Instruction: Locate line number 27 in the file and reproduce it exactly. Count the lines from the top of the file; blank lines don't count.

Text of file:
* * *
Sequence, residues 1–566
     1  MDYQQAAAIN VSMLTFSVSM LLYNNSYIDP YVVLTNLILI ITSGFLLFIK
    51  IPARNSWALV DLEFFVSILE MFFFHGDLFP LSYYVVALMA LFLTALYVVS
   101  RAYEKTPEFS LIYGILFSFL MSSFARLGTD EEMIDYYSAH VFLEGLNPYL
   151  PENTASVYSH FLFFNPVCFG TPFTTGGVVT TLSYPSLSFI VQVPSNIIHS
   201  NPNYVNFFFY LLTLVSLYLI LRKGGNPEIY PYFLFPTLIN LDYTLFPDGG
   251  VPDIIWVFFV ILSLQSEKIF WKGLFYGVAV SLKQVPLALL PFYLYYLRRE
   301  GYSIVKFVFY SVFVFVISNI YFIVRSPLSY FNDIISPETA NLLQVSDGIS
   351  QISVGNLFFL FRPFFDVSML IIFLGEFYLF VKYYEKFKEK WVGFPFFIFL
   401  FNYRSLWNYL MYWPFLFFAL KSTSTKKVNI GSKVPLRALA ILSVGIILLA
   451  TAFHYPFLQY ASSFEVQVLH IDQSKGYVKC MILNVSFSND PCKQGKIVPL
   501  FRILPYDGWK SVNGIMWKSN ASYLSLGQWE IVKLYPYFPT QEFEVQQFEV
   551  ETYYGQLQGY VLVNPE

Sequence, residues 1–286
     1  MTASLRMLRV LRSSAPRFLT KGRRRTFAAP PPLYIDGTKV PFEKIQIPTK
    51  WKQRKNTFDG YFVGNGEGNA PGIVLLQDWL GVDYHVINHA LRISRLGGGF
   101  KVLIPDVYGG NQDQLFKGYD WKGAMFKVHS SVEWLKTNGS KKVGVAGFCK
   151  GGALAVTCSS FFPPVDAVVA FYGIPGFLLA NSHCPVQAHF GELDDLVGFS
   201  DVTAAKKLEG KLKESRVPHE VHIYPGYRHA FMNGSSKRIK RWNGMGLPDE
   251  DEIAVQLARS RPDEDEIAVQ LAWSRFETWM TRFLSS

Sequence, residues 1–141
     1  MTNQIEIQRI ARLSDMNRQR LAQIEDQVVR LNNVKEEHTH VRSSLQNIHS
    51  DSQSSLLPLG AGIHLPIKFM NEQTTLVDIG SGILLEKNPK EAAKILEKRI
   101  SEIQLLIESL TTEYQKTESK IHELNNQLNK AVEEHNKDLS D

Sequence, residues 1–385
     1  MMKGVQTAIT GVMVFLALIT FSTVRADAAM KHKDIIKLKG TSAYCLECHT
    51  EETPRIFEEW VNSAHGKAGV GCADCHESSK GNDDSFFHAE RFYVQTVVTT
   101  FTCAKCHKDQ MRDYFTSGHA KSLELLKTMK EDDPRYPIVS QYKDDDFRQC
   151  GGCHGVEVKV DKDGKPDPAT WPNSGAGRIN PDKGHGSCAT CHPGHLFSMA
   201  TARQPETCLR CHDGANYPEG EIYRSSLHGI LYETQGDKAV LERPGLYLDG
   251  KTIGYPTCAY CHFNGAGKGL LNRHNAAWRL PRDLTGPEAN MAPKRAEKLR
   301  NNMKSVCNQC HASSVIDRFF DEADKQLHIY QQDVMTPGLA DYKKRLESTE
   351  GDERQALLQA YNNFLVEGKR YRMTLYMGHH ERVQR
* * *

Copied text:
    51  EETPRIFEEW VNSAHGKAGV GCADCHESSK GNDDSFFHAE RFYVQTVVTT